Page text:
Michigan House Labor Committee Considers 16 Bills That Could Significantly Change Michigan Employment Laws
On April 13, 2023, the Michigan House of Representatives Labor Committee heard testimony on a 16-bill package that, among other things, significantly limits when workers qualify as independent contractors, restricts the use of non-compete clauses, requires employers to disclose employees’ wages, and increases the civil and criminal penalties for wage violations.
The bills are just that – bills. They are not the current law in Michigan, and the House Labor Committee has not yet referred them to the entire House for consideration. However, Democrats in the legislature and Governor Gretchen Whitmer have proven that they will move quickly to enact their sweeping agenda. They already repealed Right to Work, amended the Elliott-Larsen Civil Rights Act, and passed gun legislation. Wide-ranging employment reforms could be next.
Here’s a quick overview of the 16 bills and how they may change the landscape:
HB 4390: Independent Contractors
HB 4390 defines an “independent contractor” as a worker who meets all three of the following criteria:
- the individual is free from control and direction of the payer in connection with the performance of the work, both under contract and in fact;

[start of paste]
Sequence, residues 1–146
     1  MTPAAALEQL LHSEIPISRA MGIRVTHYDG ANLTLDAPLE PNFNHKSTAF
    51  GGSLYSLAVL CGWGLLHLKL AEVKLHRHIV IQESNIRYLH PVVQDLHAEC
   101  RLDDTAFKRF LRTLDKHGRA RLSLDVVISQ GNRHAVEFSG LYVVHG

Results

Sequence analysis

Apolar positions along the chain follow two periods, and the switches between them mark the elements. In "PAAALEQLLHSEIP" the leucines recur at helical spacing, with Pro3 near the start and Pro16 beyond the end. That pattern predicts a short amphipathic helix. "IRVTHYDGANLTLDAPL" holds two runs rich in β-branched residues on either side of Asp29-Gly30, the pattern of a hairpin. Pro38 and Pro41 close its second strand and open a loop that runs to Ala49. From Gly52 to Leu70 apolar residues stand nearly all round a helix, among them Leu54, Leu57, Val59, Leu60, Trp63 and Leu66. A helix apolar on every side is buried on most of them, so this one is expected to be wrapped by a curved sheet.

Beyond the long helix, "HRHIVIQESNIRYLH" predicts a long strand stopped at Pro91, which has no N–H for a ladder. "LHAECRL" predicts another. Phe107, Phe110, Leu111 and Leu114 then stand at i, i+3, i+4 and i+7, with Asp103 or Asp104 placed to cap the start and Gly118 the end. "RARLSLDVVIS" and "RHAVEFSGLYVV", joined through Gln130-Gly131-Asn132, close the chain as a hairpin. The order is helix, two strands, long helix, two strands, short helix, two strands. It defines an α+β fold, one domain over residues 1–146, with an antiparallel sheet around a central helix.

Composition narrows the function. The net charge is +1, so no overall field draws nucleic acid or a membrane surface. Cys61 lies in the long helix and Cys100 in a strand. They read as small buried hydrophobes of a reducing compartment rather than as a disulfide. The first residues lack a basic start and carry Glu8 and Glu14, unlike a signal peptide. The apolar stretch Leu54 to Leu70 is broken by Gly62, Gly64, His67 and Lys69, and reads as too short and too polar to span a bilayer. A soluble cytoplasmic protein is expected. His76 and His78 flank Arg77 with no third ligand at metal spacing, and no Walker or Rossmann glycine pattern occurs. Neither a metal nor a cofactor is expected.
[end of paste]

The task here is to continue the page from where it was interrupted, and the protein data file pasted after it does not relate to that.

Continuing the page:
- the individual performs work that is outside the usual course of the payer’s business; and
- the individual is customarily engaged in an independently established trade, occupation, or business of the same work performed by the individual for the payer.
This definition is almost identical to California’s “ABC Test,” which is largely regarded as the strictest standard in the nation. Few workers will qualify as independent contractors under this standard.
Under the proposed law, employers have the burden of proving that workers are properly classified as independent contractors. If employers fail to carry that burden, they must pay any unpaid wages due to the employee, fringe benefits, a penalty of 100% of the wages and fringe benefits owed the employee, exemplary damages up to three times the amount of wages and fringe benefits owed (if the violation is flagrant or repeated), a civil fine of up to $10,000, and a penalty equal to the estimated federal taxes and Medicare payments that would have been due if not for the misclassification. The law also requires the Wage and Hour Department to notify the Department of Treasury (taxes) and Unemployment Insurance Agency of the misclassification.
HB 4391: Independent Contractor Disclosures
The bill adds a page to the instruction booklet accompanying each state income tax return that explains independent contractors and the rules and factors listed above. It also requires the Department of Treasury to send a notice to each payee listed on a Form 1099-MISC that explains the independent contractor standards and factors. Clearly, the intent is to provide workers with more information so that they will self-report alleged misclassification issues.
HB 4399: Non-competes
HB 4399 first prohibits employers from requiring employees to agree to a non-compete unless all of the following are met:
- The employer provides each applicant for the position with written notice that a non-compete is required for the position;
- Before hiring the employee, the employer must disclose to the employee or applicant in writing the terms of the non-compete agreement; and
- The employer must post the law or a summary of its requirements in a conspicuous place in the worksite.